- Freshly cracked black pepper (optional, for seasoning)
- 2 garlic cloves, sliced in half (optional, for seasoning)
CLASSIC HUMMUS (Makes about 1 1/2 cups hummus)
- 1 (15-ounce / 440g) can chickpeas, or 1 ¾ cups (260-280g) cooked chickpeas
- 1/3 cup (75g) tahini
- 1 medium lemon, juiced (about 3 tablespoons)
- 2 garlic cloves, chopped
- 1/2 - 1 teaspoon ground cumin
- 1 teaspoon kosher salt, plus more to taste
- Freshly cracked black pepper to taste
- 4 - 6 tablespoons ice water
- For serving: extra virgin olive oil, chopped flat-leaf Italian parsley, paprika.
Pickled Onions Directions
- Bring the water to a gentle boil, using a kettle or on the stove. Slice the onion very thinly. Place the onion slices in a large mason jar.
- Mix together the hot water, vinegar, maple syrup, salt, red pepper flakes, and peppercorns. Stir to combine until the syrup or sugar is dissolved. Pour the pickling liquid over the sliced onions in the jar.
- Allow to cool to room temperature, at least 30 minutes. You can serve now, but I prefer to refrigerate them for a more developed flavor.
Creamy Mediterranean Lentils Directions
- Heat a large, deep nonstick frying pan or a Dutch oven over medium heat and add the olive oil. Once hot, add the garlic and cumin seeds and cook, stirring frequently, until fragrant, 1-2 minutes.
- Pour in the vegetable broth to deglaze the pan, then add the lentils. Bring to a boil and then reduce the heat to maintain a rapid simmer for 25-30 minutes, or until most of the liquid has been absorbed and the lentils are tender but still al dente.
- Turn the heat to low and add the tahini and tamari, and stir well into the lentils. Taste for seasonings, and season with salt (as needed) and freshly cracked black pepper.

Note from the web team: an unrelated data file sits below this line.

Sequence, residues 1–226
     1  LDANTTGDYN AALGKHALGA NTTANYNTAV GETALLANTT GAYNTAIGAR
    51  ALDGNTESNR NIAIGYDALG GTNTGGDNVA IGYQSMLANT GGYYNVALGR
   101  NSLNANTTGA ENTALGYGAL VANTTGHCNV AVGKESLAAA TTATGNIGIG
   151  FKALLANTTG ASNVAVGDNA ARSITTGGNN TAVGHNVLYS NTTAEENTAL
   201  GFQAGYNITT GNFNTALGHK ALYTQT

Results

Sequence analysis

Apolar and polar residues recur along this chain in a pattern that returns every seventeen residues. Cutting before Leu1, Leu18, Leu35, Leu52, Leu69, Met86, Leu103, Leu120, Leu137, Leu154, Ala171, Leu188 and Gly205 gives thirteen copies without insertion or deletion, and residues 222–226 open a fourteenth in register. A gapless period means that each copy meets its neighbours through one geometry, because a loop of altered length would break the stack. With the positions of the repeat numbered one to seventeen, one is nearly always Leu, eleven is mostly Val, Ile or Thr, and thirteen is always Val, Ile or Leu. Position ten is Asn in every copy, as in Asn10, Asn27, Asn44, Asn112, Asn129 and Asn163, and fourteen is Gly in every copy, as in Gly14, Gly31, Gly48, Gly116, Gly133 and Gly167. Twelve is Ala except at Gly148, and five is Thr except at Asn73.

- Add the water to a medium saucepan, season with salt, and bring to a boil. Add the farro and seasonings, then reduce to a simmer and cook until al dente-- tender yet chewy. For pearled farro, it should take 15-20 minutes; for semi-pearled farro, 20-30 minutes.
- Once al dente, drain the farro through a sieve and discard the aromatics. If you have the time, spread the farro out on a sheet tray to cool and dry out--this helps prevent it from getting mushy.
Classic Hummus Directions
- Add the chickpeas to a food processor and blend for 2 minutes until you have a thick paste-like puree, scraping down the sides with a silicone spatula as needed.
- Add the tahini, lemon juice, garlic, cumin, and 1 teaspoon salt. With the motor running, stream in the ice water, a little at a time, until the hummus is thick yet smooth and creamy. Taste for seasonings and add more salt, lemon juice, garlic, or cumin as needed. If the hummus is still too thick for your liking, add a tablespoon or two more of ice water.
- Transfer the hummus to a serving bowl and cover with plastic wrap to keep it from drying out. Ideally, let it rest for 30 minutes before serving.
- When ready to serve, drizzle with extra virgin olive oil, parsley, and paprika.